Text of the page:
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Showing posts tagged with Code Signing
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Tim Callan | 01 Jul 2010 | 1 comment

One of the features we offer with VeriSign SSL Certificates is what we call Seal-in-Search. Simply explained, VeriSign has forged relationships with outside parties that in some way interact with consumers as they're finding the sites to visit or do business with. Each of these parties displays a version of the VeriSign seal in its interface next to its listings for the sites that are secured with VeriSign SSL Certificates and/or the VeriSign Trust Seal.

Today we have high profile relationships in two categories. The first is comparison shopping sites. VeriSign seals display alongside their sites in TheFind and...

Tim Callan | 23 Jun 2010 | 0 comments

Here is a detailed story from Steve Ragan at The Tech Herald with detail and commentary on yesterday's accusatory press release from Comodo.

Tim Callan | 22 Jun 2010 | 11 comments

Today we saw some news stories about supposed vulnerabilities in VeriSign's enterprise SSL Certificate requesting process. These stories are based on a press release and outside press briefings from Comodo claiming to have found a "major security vulnerability" in VeriSign's SSL offering. These stories are incorrect. I have written this FAQ to clear up the misinformation that's floating around right now.

Q. Are there actually major security vulnerabilities in VeriSign SSL products that were revealed to the public by Comodo today?
A. No.

Q. What are the claimed vulnerabilities that Comodo announced?
A. Many large enterprises use a workflow whereby individuals within the organization can request SSL Certificates for the projects they're working on. Requests from these pages go to administrators, who then evaluate whether or not to issue the certificates. Comodo...

Tim Callan | 18 Jun 2010 | 3 comments

Since the recent announcement of Symantec's intention to acquire the VeriSign Authentication business, we've caught wind of some odd and unsubstantiated rumors. I'd like to take this occasion to clear up a few of the wilder ones.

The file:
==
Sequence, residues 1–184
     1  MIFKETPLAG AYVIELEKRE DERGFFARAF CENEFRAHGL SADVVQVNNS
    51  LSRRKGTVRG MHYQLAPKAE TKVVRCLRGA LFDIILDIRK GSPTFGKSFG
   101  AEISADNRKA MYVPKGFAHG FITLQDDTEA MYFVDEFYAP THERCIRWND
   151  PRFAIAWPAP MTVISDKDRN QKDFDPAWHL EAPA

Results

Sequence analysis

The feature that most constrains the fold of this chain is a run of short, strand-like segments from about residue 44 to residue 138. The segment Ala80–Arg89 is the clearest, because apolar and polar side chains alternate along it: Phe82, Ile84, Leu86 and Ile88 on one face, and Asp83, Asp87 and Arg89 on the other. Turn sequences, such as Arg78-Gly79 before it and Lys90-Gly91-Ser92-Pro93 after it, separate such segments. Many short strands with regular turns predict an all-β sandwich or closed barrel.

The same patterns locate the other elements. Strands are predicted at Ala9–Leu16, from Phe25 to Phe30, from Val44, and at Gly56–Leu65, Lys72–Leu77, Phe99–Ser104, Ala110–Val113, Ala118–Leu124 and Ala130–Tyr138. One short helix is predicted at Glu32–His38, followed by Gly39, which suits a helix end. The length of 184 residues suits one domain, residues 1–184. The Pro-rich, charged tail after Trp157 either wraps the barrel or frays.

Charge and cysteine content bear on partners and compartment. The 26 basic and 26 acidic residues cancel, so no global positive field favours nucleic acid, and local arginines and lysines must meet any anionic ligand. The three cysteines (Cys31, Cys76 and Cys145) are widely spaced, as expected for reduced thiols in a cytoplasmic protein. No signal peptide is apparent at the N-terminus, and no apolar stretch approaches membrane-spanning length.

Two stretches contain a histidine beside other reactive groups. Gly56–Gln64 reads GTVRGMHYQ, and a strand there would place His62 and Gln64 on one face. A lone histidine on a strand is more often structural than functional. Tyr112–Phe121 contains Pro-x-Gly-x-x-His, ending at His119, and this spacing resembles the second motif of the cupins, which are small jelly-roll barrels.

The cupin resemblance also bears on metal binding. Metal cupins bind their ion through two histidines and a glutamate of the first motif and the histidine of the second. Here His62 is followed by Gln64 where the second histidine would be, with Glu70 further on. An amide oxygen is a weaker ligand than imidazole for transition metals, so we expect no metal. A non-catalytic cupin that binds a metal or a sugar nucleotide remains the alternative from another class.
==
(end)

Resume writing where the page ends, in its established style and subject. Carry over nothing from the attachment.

Rumor: After the acquisition there will be no more VeriSign SSL Certificates issued.
Reply: Does anybody really believe that? Would Symantec pay $1.3 billion for a business in order to immediately and unceremoniously shut it down? Seems mighty unlikely to me. And yes, Symantec will have the right to continue doing business on legacy VeriSign products for some years so that we can achieve a smooth transition.

Rumor: The familiar check mark will disappear from...

Tim Callan | 10 Jun 2010 | 0 comments

It's been a while since we had SSL poetry.

Moving west quite a bit from Japan and its haiku all the way to the land of Eire, we have the limerick. In this case an EV SSL limerick, of course.

There once was a man from IT,
Whose customers often would flee,
for their safety concerned.
So his company earned
their trust by deploying EV.

Tim Callan | 09 Jun 2010 | 1 comment

Hi folks,

Sorry for the blogging delay. I was on vacation and also rather busy with the announced acquisition of VeriSign's SSL business by Symantec.

Anyway, in a recent post about increased attention to sensitive information offered outside SSL protection, I referenced Google's announced intention to offer SSL on Gmail content. Apparently Google has bigger plans in mind than just that, as exemplified by last week's decision to offer Google search under SSL as well. Google isn't the first engine to offer SSL-protected search, but with its hugely dominant market share, Google has much greater potential...

Tim Callan | 19 May 2010 | 5 comments

In case you haven't been paying attention, today VeriSign and Symantec each announced that Symantec will acquire VeriSign's Authentication business, including SSL, PKI, and VIP. Here is VeriSign's press release. Here is Symantec's.

Tim Callan | 17 May 2010 | 0 comments

You may recall that about a month ago I wrote about technology blogger Nasko and his experiment with SSL roots. My blog focused a lot of Nasko's crawl, but the punctuation mark on this entry was that Nasko was uninstalling all the trusted roots in his browser to see which ones he really needed. Now, 30 days later, the results are in.

You can look down the whole thing for yourself, but the CAs of the first four roots he encountered go as follows:

  1. GeoTrust
  2. VeriSign
  3. VeriSign
  4. GeoTrust
Tim Callan | 16 May 2010 | 2 comments

That's it. You can now enjoy the added protection of Extended Validation SSL on Twitter. 'Nuff said.

Tim Callan | 11 May 2010 | 2 comments

I recently wrote about the Online Trust Alliance (OTA) and its recent report card showing poor performance in trustworthy practices among the nation's leading onilne businesses. That news calls to mind an incident of about a month ago, when the FTC's departing commissioner called on popular online services such as Hotmail, Yahoo, Flickr, Facebook, MySpace, and financial providers to protect 100% of their service with SSL, and not just login pages as is the common practice today. In her speech commissioner Pamela Jones Harbour stated,

Encryption technology is already built into every popular web browser, but here is an unpleasant truth. Many...